The big news in the gaming world is Microsoft's (NASDAQ:MSFT) debundling of its Kinect with the Xbox One. This effectively reduces the cost of an Xbox One by $100, meaning that the Xbox will cost as much as a Sony (NYSE:SNE) PS4. That should even the playing field dramatically between the two console titans, but what does it mean for the middleman that sells those consoles? In other words, what does today's announcement mean for GameStop (NYSE:GME)?
There's been a lot of fear over the last few months about the longevity of GameStop's business model, which revolves largely around selling used video games. But the announcement of a Kinect-less Xbox One should bring about a nice boost to GameStop's sales. A lot of analysts believe that price is the most important factor behind a gamer's decision to buy a console this early in the cycle -- after all, there aren't enough games out there to judge a console on its library, and most developers are still figuring out how best to use the hardware. That's why sales of the Sony PS4 have outstripped those of the Xbox One by about 2 million as of mid-April, but a cheaper Xbox will help close that gap. That means more people buying Xbox Ones at GameStop, pushing sales up.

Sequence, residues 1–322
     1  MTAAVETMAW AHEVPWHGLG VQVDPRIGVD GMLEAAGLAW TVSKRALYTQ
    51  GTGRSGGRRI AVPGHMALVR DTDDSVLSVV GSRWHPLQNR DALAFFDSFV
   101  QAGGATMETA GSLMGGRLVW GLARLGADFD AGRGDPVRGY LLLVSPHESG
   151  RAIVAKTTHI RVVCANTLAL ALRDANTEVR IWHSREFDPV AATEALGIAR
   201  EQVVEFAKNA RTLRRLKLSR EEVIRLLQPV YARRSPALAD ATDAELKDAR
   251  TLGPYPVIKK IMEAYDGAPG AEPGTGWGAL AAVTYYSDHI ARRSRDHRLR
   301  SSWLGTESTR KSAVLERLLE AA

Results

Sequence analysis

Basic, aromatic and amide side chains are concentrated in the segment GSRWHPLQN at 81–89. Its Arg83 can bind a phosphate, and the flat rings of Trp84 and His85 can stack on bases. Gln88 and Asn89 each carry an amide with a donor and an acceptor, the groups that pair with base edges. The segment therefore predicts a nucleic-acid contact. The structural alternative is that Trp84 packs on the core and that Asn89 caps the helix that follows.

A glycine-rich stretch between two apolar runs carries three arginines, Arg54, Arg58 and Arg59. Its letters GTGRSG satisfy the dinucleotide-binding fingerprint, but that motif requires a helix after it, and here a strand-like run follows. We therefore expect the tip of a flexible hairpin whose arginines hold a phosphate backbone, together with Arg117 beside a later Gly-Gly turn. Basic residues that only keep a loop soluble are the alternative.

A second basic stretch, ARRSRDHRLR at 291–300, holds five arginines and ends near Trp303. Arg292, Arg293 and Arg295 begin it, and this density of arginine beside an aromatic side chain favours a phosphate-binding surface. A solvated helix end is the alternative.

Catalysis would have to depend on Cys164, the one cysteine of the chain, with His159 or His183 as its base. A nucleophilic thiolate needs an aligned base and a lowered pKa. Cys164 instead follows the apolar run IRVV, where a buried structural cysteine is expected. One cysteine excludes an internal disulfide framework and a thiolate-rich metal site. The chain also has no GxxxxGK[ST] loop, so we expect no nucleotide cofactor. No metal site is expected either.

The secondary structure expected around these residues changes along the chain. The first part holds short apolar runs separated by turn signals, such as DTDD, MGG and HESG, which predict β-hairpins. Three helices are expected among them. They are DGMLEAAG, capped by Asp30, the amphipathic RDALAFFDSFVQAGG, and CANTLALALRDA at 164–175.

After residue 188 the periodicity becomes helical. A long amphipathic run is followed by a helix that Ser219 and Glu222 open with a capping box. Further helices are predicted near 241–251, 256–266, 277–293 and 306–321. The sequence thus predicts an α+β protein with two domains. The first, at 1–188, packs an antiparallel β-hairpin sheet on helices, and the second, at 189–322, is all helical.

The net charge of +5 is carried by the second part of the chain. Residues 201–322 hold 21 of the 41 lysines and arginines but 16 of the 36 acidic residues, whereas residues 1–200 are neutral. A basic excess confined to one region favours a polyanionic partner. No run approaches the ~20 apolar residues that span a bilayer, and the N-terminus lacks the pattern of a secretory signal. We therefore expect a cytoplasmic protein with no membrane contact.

Of course, there are still digital downloads to worry about. Last week Electronic Arts made it clear during its earnings call that digital distribution is going to be a big focus for the company going forward. However, according to a recent NPD report, about three-fourths of core gamers (which is a group of about 34 million people in the U.S.) still prefer to buy a physical copy of a game over a digital copy as long as the price is the same. These mixed signals and uncertainty about the future of digital versus physical means that GameStop will be looking to console sales to provide some stability to its top line. The decreasing price of an Xbox One will help in that regard, as will the eventual stand-alone sale of Kinects. Overall, this is good news for GameStop, and while it won't affect this quarter's results, investors should keep an eye out for better-than-expected sales next quarter.
Mark Reeth has no position in any stocks mentioned. The Motley Fool owns shares of GameStop and Microsoft. Try any of our Foolish newsletter services free for 30 days. We Fools may not all hold the same opinions, but we all believe that considering a diverse range of insights makes us better investors. The Motley Fool has a disclosure policy.